Made in China: Hip-Hop Moves East Hip-hop is huge in China, but most of what people hear is imported. Until recently, there hasn't been a real Chinese hip-hop scene and style. New spaces like The Lab in Shanghai and newly formed multinational hip-hop groups like Red Star could change all that — and soon.

Made in China: Hip-Hop Moves East

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Back now with DAY TO DAY.

American hip-hop is huge in China. It's on Chinese billboards. It's on the pop charts. It's also in Chinese advertising. But those are American rappers. Chinese rappers are getting no radio play. Jamila Trindle(ph) reports from Beijing.

(Soundbite of music)

Unidentified Man: (Singing) Put your hands up.

JAMILA TRINDLE: It's a Saturday night in a packed Shanghai club. And two emcees from the hip-hop group Red Star are pumping up the crowd. It's part of a growing theme in China, driven both by Chinese hip-hop artists and foreigners like Morgan Jones from Brooklyn. He first came to China to study Mandarin.

Mr. MORGAN JONES (Hip-Hop Artist): I mean, you got me as a black guy, you got Chinese guy, you got one (unintelligible) and one American, Chinese-American doing stuff out here. We're trying to do something new, something different, and hopefully it'll change people's minds about the way hip-hop is seen in China.

(Soundbite of music)

TRINDLE: The other American in the group, producer Kyle Ching, came to China from L.A., chasing the China business boom. Now he's working on Red Star's first album. But he says it's for the music, not the money.

Mr. KYLE CHING (Producer): It's not really the place to come and try to make a million bucks off of selling hip-hop music. It's not the place to come to try to make money off the music, period.

TRINDLE: For one thing, it's hard to get airplay where radio stations prefer saccharine pop music like this.

(Soundbite of music)

Mr. CHING: You hear it on the radio, you go to a mall, you go to any store and you're going to automatically hear very pop, bubblegum-pop type style music, you know what I mean?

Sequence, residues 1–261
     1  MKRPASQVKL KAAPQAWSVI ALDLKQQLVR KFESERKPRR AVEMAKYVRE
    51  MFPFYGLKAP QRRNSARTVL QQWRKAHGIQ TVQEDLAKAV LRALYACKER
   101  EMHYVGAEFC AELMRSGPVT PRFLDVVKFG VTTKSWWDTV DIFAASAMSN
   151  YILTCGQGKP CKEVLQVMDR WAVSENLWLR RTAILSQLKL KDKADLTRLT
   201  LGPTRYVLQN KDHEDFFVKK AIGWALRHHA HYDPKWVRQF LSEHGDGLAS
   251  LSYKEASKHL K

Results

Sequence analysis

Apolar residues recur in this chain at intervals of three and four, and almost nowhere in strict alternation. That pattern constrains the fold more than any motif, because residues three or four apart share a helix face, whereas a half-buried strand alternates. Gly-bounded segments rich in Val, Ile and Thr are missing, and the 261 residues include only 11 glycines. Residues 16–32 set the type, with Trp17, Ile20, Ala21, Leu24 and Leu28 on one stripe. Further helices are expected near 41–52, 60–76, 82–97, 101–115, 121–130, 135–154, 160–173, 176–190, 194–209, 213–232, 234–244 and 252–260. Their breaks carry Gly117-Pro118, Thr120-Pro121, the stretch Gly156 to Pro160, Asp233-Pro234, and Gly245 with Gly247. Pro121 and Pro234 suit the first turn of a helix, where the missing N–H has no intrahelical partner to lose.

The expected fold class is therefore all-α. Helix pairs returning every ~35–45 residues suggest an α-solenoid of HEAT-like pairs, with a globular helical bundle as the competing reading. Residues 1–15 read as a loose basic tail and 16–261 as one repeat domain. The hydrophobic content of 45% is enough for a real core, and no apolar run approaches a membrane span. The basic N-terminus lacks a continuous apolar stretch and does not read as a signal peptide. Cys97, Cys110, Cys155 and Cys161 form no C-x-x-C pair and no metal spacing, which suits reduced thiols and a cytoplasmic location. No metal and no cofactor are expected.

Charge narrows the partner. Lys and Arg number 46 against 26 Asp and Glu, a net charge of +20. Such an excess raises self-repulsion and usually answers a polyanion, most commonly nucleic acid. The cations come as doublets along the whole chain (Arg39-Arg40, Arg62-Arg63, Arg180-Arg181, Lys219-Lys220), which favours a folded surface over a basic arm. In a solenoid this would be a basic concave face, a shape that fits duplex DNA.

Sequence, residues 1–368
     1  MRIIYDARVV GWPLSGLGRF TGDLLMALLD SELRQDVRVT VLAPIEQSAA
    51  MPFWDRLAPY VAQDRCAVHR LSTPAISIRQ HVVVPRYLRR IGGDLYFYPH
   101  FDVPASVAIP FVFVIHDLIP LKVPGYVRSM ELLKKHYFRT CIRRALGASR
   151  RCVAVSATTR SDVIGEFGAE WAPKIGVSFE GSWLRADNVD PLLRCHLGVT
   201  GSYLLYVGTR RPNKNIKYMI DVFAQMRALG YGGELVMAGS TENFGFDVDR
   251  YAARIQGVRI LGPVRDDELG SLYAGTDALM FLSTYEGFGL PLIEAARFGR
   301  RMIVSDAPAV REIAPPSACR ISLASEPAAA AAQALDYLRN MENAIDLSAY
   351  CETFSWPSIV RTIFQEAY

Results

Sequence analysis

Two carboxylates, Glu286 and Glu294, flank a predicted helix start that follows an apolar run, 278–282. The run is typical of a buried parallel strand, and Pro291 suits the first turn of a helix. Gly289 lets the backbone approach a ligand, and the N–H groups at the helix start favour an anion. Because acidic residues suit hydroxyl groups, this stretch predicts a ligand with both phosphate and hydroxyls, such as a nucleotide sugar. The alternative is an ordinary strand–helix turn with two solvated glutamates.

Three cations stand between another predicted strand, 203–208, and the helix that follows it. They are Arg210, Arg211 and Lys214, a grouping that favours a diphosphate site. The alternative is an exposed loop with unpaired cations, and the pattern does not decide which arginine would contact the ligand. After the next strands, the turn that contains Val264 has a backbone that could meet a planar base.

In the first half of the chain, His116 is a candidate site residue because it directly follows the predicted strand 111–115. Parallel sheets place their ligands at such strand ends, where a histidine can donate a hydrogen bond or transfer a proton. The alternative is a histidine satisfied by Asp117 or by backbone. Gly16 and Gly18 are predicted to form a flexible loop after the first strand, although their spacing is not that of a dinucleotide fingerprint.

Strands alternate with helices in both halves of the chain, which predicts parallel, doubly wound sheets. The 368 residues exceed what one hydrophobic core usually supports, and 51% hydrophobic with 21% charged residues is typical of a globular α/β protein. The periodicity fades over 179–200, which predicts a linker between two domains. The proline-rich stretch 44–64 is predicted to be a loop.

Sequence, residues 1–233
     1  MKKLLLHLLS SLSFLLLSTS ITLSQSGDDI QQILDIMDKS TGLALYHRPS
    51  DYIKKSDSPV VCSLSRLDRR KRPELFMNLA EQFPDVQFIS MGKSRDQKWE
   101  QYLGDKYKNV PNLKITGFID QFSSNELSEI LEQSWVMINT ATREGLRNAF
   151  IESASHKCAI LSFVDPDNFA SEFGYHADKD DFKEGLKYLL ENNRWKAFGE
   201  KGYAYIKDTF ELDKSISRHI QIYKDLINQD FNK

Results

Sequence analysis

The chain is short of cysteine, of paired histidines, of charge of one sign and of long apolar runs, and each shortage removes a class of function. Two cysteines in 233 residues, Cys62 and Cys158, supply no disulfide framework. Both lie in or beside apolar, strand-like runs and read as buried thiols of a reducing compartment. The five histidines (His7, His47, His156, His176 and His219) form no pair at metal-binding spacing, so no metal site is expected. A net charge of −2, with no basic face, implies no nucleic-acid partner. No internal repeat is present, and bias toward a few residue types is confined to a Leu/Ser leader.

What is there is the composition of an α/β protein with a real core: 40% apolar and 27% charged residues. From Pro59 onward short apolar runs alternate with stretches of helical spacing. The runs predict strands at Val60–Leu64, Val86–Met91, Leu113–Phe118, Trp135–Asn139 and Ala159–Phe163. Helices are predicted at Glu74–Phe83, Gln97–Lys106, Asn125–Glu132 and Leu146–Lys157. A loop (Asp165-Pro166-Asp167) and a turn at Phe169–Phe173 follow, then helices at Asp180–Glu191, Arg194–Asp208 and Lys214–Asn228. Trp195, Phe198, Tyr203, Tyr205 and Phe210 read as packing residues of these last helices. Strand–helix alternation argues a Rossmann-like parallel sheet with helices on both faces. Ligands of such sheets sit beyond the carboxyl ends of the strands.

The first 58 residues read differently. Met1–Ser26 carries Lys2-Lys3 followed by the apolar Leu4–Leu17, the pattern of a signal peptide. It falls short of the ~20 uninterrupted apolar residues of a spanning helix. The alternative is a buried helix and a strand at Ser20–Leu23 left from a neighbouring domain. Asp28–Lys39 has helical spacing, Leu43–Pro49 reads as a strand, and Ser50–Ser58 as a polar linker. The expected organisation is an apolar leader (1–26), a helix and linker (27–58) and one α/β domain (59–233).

(Soundbite of music)

TRINDLE: Former radio DJ Ping Ke quit his job after he got bored because he had to play the same music all the time. Now he has a podcast called Anti Wave: All Radios Go to Hell.

Mr. PING KE: (Speaking Chinese)

TRINDLE: On air, he goes by the name Ping Ke after Pink Floyd. He says 20 years ago when he was listening to rock music, the government wouldn't allow it on the radio.

Mr. KE: (Through translator) Before when we got noticed saying this is not allowed, that's allowed, it's all because of propaganda. But now that's not the reason. It's because of commercial reasons. For example, if I have to do this and that just because my program has a sponsor, I won't be happy, you know?

TRINDLE: And there are far fewer radio stations in China than in the U.S. because the government still keeps a tight hold on radio licenses. But Ping Ke says the Internet has changed everything. Now he can not only podcast, but also listen to radio stations from all over the world.

Mr. KE: (Through translator) Also, most importantly, the Internet is having an impact on radio. If it caused a big change in the U.S., I think it's causing an even bigger change here in China, because in the past we couldn't find out as much information as Americans. But now everybody's more or less the same because I can know everything through the Internet.